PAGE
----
The car we found on eBay has a good example of the CRX’s party piece: the “Trans Top”, an electric mechanism that hoists the entire boot panel, slides the Targa-style roof inside it, and then closes it again – years before Porsche adopted a similar system for its 911 Targa. It’s ruinous for boot space though (a manual panel was available, which fares a little better).
To drive these CRXs offer similar fun to spicier versions of the contemporary Civic. This one misses out on the most potent 157bhp B16 engine like the immaculate samba green car we discovered recently, instead getting a 125bhp D16 four-cylinder, but with a sweet five-speed manual gearshift and nimble handling, it’s a legitimate alternative to the rear-drivers here.
Recommending an MX-5 is a bit of a cliché these days, but they really are that good. The world’s best-selling roadster is also one of the best full stop, but the market is developing rapidly and today’s affordable MX-5 looks a little different from how it might have done a few years ago.
You can still find decent first-generation cars for under £5000, but they’re now thin on the ground. Some are charging five figures for them, which may be hard to justify if you want an MX-5 to actually use – and you do, because who puts an MX-5 in a bubble? As such, you’re now better off looking for Mk2 and Mk3 cars, and of those we’d opt for the Mk2 which ran from 1998 to 2005. It’s not quite as grown-up as the later Mk3, but the Mk2 is very similar to drive to the bubbly Mk1, and slightly easier to live with.
The 1.8 is the car to go for, with a useful 138bhp and 119lb ft (the latter a fifth more than a 1.6 Mk1). Watch out for rust as they can suffer badly, and don’t pay more for a special edition – condition is more important than toys or fancy paintwork. Our 1.8 Sport from 2002 is the kind of thing to look for: little mention of rust in MOTs, and a hard top as well as the regular folding roof – tricky to store, but expensive if bought separately.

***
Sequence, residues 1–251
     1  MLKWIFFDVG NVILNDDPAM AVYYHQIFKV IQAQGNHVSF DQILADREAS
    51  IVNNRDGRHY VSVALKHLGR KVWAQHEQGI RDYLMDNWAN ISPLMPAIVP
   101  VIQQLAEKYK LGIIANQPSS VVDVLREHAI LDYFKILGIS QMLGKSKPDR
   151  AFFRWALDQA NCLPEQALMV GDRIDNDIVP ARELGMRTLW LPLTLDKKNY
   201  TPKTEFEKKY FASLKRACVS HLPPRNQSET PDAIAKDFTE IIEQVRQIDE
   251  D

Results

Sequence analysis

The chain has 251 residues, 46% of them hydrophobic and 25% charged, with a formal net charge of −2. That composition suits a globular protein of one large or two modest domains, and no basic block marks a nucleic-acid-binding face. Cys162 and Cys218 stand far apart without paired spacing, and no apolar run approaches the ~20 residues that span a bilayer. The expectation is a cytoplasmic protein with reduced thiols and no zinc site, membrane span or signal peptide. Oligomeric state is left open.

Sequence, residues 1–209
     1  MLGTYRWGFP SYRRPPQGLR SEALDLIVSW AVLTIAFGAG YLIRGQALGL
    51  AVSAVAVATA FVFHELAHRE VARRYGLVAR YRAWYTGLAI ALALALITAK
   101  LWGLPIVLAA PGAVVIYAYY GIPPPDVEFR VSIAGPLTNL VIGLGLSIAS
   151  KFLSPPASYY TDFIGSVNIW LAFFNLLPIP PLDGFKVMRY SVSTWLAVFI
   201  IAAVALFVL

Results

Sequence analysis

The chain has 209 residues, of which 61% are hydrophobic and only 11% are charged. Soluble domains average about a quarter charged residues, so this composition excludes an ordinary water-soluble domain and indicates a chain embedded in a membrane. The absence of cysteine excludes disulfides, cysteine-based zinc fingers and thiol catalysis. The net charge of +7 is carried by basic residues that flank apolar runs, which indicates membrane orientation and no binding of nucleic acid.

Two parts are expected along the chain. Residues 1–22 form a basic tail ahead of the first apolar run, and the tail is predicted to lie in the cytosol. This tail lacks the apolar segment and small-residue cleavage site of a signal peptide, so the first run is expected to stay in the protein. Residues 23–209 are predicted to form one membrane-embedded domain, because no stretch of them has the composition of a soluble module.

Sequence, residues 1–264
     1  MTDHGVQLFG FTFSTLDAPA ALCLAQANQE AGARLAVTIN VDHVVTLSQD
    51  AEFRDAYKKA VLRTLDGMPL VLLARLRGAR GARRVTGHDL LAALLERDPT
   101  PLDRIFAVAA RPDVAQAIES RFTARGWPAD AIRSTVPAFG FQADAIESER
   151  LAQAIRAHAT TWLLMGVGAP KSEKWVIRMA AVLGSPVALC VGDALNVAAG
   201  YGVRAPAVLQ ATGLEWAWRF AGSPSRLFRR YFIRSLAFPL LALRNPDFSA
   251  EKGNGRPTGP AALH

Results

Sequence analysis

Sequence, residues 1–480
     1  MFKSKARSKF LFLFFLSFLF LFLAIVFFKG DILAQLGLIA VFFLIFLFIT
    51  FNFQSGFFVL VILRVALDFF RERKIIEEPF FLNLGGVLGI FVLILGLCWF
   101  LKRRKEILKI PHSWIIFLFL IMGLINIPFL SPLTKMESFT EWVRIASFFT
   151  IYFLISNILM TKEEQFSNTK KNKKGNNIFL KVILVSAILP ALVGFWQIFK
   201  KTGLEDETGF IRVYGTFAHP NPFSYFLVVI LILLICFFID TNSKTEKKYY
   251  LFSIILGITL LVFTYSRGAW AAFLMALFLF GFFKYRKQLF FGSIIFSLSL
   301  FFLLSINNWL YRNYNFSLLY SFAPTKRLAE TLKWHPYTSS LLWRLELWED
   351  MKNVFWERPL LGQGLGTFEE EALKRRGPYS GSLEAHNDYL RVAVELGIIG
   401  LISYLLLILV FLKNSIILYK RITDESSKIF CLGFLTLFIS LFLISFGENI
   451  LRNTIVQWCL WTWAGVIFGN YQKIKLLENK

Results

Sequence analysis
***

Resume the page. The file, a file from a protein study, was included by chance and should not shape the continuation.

If the Renault Sport Spider is considered unfortunate for debuting at the same time as the seminal Lotus Elise, then the original Mercedes-Benz SLK must be considered unfortunate making its debut the same year the Porsche Boxster arrived – coincidentally, in 1996 just like the Elise and Spider.
In isolation, the SLK was hugely desirable. Time has dulled the impact of its styling but critics and buyers alike considered it genuinely gorgeous back in ’96, and its folding metal roof gained plenty of column inches too, giving it all-year-round appeal like few other roadsters, and inspiring a decade and a half of copycats; everything from the Peugeot 206CC to the Ferrari F8 Spider owes its roof to Merc’s popularisation of retractable hardtops.
Today the SLK isn’t the sharpest drive, particularly as many are automatic. They can suffer from rust, too, and issues caused from neglect as prices reached rock-bottom. But five grand is more than enough for a nice one – like the yellow-over-yellow car we found, specified through Mercedes’ Designo personalisation scheme. Those supercharged engines are long-lasting, too.
MGF and TF
You’ll struggle to find better value in a two-seat roadster than the MGF. For a long time more popular in the UK than the Mazda MX-5 that rejuvenated the class, the stock of MGFs remains plentiful, and while the cleanest and best looked-after models are creeping upwards in value, it’s possible to find thoroughly decent cars for quite a bit less than the equivalent MX-5.